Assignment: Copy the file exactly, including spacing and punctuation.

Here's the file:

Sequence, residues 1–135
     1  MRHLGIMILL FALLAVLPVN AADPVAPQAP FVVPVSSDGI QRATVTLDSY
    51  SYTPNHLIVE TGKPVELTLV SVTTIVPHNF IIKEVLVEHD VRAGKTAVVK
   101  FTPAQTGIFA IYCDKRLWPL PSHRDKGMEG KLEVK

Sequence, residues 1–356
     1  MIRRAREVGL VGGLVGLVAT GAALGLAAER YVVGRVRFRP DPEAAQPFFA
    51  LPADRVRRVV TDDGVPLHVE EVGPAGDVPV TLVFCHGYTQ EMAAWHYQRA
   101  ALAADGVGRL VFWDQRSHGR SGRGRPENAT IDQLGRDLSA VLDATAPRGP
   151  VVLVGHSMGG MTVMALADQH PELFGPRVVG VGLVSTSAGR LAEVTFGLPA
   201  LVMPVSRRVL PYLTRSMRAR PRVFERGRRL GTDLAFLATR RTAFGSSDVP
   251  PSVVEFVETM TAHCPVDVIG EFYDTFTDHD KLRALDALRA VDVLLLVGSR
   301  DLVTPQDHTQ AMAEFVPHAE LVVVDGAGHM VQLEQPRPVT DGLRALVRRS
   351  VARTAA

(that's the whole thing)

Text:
Sequence, residues 1–135
     1  MRHLGIMILL FALLAVLPVN AADPVAPQAP FVVPVSSDGI QRATVTLDSY
    51  SYTPNHLIVE TGKPVELTLV SVTTIVPHNF IIKEVLVEHD VRAGKTAVVK
   101  FTPAQTGIFA IYCDKRLWPL PSHRDKGMEG KLEVK

Sequence, residues 1–356
     1  MIRRAREVGL VGGLVGLVAT GAALGLAAER YVVGRVRFRP DPEAAQPFFA
    51  LPADRVRRVV TDDGVPLHVE EVGPAGDVPV TLVFCHGYTQ EMAAWHYQRA
   101  ALAADGVGRL VFWDQRSHGR SGRGRPENAT IDQLGRDLSA VLDATAPRGP
   151  VVLVGHSMGG MTVMALADQH PELFGPRVVG VGLVSTSAGR LAEVTFGLPA
   201  LVMPVSRRVL PYLTRSMRAR PRVFERGRRL GTDLAFLATR RTAFGSSDVP
   251  PSVVEFVETM TAHCPVDVIG EFYDTFTDHD KLRALDALRA VDVLLLVGSR
   301  DLVTPQDHTQ AMAEFVPHAE LVVVDGAGHM VQLEQPRPVT DGLRALVRRS
   351  VARTAA